Neurotypical opens with the 1996 news story about the disappearance and survival of a young autistic boy lost in the Florida swamps who was found 4 days and 14 miles later unharmed by the perilous environment. “Not even a bug bite!” his tearful mother recalls, reminding herself that living through such a horrific shock helped her to define the most important things for her and her son, Taylor. This story sets the tone for the less dramatic but equally dangerous perils of an autistic person living in a neurotypical world. (The term, neurotypical was coined in the autistic community as a label for people who are not on the autism spectrum.)
Neurotypical then focuses in on the lives of Violet, Nicholas and Paula―three autistic individuals, and their families, each at different stages of life experience.
“Three-year-old Violet, would walk for miles without tiring or ever turning back if we let her,” says her father, Charlie. Through the joys and sorrows of parenting, Vijay and Charlie look for ways to make Violet's life happy and fulfilling, all the while remaining deeply appreciative of the mystery Violet brings into their lives. They, however, wrestle with questions most parents never have to ask: will a diagnosis of autism limit Violetʼs potential; and should they begin going down the road of medication with her or not?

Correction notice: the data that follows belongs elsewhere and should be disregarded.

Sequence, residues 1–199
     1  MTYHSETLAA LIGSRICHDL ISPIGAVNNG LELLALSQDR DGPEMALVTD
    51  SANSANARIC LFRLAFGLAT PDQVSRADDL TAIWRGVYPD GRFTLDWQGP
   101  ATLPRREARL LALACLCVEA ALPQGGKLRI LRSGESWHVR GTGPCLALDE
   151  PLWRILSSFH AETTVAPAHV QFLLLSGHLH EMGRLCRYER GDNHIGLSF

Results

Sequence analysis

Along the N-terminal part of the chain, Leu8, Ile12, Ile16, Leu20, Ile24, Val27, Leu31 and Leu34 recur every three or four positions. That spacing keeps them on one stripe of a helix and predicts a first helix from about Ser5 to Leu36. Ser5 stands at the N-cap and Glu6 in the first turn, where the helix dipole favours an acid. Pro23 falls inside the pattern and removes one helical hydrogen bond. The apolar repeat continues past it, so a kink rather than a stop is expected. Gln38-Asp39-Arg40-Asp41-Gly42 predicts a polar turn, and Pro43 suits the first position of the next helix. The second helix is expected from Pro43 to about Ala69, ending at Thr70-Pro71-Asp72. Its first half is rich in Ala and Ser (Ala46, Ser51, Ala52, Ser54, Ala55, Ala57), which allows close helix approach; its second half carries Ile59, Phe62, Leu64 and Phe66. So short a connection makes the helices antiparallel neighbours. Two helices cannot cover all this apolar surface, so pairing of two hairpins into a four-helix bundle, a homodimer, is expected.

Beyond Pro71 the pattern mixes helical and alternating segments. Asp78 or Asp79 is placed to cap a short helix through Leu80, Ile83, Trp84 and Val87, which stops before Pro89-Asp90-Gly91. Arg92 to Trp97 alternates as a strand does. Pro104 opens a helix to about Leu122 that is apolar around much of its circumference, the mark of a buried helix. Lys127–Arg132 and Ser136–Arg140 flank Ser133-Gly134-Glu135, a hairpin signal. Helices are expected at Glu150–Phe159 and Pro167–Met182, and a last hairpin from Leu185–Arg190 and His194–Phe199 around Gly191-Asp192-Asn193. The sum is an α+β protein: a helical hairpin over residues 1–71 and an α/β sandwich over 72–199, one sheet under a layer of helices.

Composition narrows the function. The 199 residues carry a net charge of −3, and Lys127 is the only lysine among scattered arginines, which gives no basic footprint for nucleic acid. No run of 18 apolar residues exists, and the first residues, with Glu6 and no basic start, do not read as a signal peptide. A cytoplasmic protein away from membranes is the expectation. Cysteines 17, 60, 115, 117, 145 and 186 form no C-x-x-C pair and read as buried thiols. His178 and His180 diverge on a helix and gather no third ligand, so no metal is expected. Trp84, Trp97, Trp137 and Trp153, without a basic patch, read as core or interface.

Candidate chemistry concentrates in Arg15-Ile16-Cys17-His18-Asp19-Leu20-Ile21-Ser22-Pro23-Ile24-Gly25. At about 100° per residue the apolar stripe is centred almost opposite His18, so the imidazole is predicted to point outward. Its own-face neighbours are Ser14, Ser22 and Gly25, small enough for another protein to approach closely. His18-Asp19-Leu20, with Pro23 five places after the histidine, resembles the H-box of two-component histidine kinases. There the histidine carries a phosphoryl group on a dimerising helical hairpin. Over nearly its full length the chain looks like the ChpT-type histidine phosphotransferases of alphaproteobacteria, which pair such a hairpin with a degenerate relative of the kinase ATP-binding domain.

Nicholas, in many ways appears to be a typical teenager, uncommunicative and intent on doing his own thing. Feeling alienated from those around him and frustrated by misunderstandings with his peers, Nicholas still strives to find out how to fit in amongst them. His brother, Dylan, desires a more predictable playmate while his parents, Ted and Laura, accept his idiosyncrasies, yet fear he may never be truly independent.
Paula, who lives with her neurotypical husband, and their son was diagnosed as an adult. Enlightened by this self-awareness, she begins to assess her life through this new lens. For the first time, she finds a community of self-advocates with whom she can relate and find meaning.
Neither the three family portraits nor the states and stages of their lives come to a neat and tidy resting place, but the landscape is definitely hopeful thanks to an open-ended continuum of narratives interspersed throughout the film. Through segmented interviews, seven highly articulate individuals (both on and off the autism spectrum) bring their personal stories, found philosophies, and candid observations to Neurotypical, calling attention to the subject of neurodiversity as an urgent and multi-layered issue within the 21st century civil rights debate.